The Defendants did not serve a Notice of Objection to Dr. Glass’s initial expert report, which was based on his lack of Canadian credentials, until six years after receiving Dr. Glass’s report. As such, the Plaintiffs argued that they had no reasonable expectation that Dr. Thornton’s opinion evidence would be objected to on the same basis, i.e. Dr. Thornton’s lack of Canadian credentials.

There was some debate as to whether qualifications must be raised in a Notice of Objection under Rule 5.36 of the Alberta Rules of Court.

5.36 Objection to expert’s report

5.36(1) A party who receives an expert’s report must notify the party serving the report of

      • (a) any objection to the admissibility of the expert’s report that the party receiving the report intends to raise at trial, and
      • (b) the reasons for the objection.

5.36(2) No objection to the admissibility of an expert’s report is permitted at trial unless

      • (a) reasonable notice of the objection was given to the other party, or
      • (b) the Court permits the objection to be made.[6]

The Court did not find it necessary to make a determination on whether an expert’s qualifications must be raised in a Notice of Objection. Rule 5.36(1)(b) is clear that a party is not able to object to the admissibility of an expert’s report without providing reasons for the objection; however, the Court noted that “the law is equally clear that the trial judge is the gatekeeper of expert evidence.”[7]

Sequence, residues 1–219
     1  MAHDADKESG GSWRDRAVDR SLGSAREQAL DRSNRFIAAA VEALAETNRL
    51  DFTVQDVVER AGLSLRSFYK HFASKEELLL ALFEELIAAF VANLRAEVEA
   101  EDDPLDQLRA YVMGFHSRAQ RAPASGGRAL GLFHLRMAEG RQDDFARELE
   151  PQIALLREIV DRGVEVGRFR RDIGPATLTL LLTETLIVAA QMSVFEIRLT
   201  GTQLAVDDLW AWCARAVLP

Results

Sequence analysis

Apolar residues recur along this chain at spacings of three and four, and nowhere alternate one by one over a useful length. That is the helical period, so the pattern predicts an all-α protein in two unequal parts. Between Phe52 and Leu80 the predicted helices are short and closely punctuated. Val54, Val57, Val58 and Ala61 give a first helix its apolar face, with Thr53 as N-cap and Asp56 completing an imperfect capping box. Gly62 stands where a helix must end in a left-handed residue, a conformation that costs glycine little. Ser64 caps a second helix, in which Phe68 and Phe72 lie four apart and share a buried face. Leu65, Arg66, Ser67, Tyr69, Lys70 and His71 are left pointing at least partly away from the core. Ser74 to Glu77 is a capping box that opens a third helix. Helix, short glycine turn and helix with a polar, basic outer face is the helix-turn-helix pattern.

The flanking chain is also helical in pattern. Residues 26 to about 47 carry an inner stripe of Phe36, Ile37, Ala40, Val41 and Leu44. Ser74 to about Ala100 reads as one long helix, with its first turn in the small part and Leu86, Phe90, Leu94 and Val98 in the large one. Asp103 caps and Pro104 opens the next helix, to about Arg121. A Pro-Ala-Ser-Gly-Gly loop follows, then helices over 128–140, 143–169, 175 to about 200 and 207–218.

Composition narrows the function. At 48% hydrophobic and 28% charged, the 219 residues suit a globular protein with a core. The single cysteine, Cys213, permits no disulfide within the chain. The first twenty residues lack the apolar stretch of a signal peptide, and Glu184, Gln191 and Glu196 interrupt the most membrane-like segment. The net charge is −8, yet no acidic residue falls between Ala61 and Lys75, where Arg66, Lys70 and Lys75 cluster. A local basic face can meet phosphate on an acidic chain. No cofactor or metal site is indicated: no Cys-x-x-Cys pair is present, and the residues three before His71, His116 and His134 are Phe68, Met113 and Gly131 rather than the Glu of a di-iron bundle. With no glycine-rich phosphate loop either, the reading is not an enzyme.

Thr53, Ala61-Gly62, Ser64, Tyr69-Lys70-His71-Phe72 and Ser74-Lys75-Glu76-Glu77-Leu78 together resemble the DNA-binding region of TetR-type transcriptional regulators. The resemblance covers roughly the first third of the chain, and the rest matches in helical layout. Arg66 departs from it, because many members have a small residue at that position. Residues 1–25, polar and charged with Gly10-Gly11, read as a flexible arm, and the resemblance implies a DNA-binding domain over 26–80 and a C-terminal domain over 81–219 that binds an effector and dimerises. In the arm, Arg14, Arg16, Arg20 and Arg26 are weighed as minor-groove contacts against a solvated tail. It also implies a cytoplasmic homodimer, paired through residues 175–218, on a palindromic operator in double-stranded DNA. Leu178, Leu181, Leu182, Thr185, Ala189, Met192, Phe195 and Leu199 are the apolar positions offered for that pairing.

Regardless of there being no objection by the Defendants to Dr. Glass’s expert evidence for six years after service of his report, the Plaintiffs must have reasonably expected that they would have to meet the onus of demonstrating to the Court that Dr. Thornton should be qualified as an expert in the areas for which he was tendered. The law requires the party tendering the expert to show that the expert is qualified, and this obligation exists regardless of whether an objection is made.[8]

For the foregoing reasons, the Court denied the application for an adjournment. The Plaintiffs have not filed appeal materials to date.

Practical takeaways